Aquaman’s aquatelepathy is a key factor in this latest story arc (which we referred to in our POP Monthly series) and it’s a reminder this character is more interesting than you thought. Aquaman is on a quest to get a better image amongst the people of Earth, but fighting Warhead comes first. Is it good?
Aquaman #18 (DC Comics)
So what’s it about? The summary reads:
“WARHEAD” finale! Aquaman’s battle with Warhead leaves him trapped in the tortured mind of the telepathic beast, where the sea king is forced to experience the lifetimes of combat that define his tragic new foe!
Why does this book matter?
Aquaman is finally not an enemy of the U.S. government and writer Dan Abnett is using that to flesh out the character further. Tying the latest villain in with his telepathy is an intriguing idea as this power is never explored.
Fine, you have my attention. What’s good about it?
Using the word warhead is never a good thing.
It turns out Warhead is a fascinating character tied deeply to war on Earth. To say too much more will spoil the backstory revealed here, but it’s interesting how he was a man, turned into a weapon, and then faced the consequences of enacting mankind’s vengeance. Much of this issue has Warhead and Aquaman fighting and seeing into each other’s minds, which is a neat way of showing exposition and action at the same time. Through this interchange Aquaman get’s a bead on the people of Earth–and this may be the first instance of a new power he can utilize–which further tells the story of how Aquaman is perceived. The hero who talks to fish isn’t too happy with the results. The issue also ends with a cliffhanger reminding us of a villain that appeared before Rebirth that should get fans excited.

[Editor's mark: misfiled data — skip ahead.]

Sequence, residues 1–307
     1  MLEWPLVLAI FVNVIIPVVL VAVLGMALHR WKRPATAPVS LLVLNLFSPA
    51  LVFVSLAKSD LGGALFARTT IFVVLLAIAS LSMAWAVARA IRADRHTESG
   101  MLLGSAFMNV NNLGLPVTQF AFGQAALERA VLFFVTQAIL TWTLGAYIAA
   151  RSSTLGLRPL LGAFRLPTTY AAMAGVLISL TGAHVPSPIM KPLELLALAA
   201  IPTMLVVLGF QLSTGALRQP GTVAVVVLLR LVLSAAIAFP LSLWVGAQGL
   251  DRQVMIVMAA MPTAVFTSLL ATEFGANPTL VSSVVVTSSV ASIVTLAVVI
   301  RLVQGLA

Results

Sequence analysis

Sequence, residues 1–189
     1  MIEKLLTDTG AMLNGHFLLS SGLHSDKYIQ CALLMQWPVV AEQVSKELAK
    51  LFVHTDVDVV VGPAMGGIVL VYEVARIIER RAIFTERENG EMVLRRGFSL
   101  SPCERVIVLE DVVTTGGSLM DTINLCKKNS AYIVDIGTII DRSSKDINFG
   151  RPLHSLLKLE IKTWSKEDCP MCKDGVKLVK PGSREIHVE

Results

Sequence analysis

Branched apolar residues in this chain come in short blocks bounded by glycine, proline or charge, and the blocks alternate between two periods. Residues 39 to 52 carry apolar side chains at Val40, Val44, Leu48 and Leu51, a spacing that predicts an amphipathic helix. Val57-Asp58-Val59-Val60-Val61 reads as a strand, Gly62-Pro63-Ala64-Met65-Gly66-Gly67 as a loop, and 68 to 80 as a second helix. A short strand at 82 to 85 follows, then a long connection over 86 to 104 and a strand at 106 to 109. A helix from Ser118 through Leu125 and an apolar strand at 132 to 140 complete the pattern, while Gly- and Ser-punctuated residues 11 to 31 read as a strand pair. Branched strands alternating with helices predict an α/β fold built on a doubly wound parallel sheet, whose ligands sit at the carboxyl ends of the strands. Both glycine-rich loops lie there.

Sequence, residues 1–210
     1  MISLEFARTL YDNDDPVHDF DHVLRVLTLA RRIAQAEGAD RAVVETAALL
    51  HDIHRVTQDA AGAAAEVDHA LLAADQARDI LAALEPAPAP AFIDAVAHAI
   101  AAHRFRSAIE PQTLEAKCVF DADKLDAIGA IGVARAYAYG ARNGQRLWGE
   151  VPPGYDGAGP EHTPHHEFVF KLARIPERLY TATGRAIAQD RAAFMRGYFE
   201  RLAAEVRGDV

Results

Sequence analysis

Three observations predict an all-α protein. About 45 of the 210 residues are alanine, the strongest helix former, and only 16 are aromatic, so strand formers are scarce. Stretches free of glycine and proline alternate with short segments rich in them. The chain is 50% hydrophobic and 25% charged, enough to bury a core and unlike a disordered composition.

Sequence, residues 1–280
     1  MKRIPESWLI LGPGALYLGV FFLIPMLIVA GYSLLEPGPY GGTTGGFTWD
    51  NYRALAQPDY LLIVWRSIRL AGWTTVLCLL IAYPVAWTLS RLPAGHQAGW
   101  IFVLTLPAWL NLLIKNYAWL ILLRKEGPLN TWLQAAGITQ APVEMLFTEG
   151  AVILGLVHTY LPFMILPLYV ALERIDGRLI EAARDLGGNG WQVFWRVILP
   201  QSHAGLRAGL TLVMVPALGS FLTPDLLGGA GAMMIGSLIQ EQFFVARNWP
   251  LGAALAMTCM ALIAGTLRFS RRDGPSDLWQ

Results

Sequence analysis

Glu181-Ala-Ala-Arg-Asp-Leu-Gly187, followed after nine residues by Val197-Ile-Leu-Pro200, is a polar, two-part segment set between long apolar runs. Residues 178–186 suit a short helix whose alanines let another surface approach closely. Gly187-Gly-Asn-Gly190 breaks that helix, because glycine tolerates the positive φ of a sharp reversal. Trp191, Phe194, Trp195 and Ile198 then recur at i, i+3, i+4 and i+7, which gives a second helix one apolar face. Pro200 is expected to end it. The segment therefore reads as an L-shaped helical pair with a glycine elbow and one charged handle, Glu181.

Scot Eaton’s pencils do well to show what it looks like to be inside someone’s mind. Warhead shows Aquaman some terrible atrocities and there’s a neat disassembling effect used to show what we’re seeing isn’t real. Panels also break apart when they psychically attack and there’s an interesting use of lettering to convey a signal as N.E.M.O.’s suicide triggers go off. A full page spread later in the issue shows the web of voices Aquaman taps into that does well to give us a snapshot of the many folks he’s listening to.
It can’t be perfect can it?
Though I know it’s a superhero comic, it’s hard to take the events in the issue too seriously when Aquaman and Warhead are talking and fighting at the same time. The subject gets pretty heavy and yet they keep punching each other. For a character who calls himself a diplomat, the fighting seems silly and out of place. Aquaman comes to a conclusion about Warhead that seems way too quick. Meanwhile, Warhead is punching Aquaman and yet tells him how he stopped fighting due to the immoral nature of it. Seems hypocritical no?
Is this real life?
Is It Good?
This is a good, but not great issue that imparts some interesting ideas about war, but does so in a fight comic style that doesn’t suit the material. How aquatelepathy is used again in the future remains an intriguing idea though due to the event in this issue.
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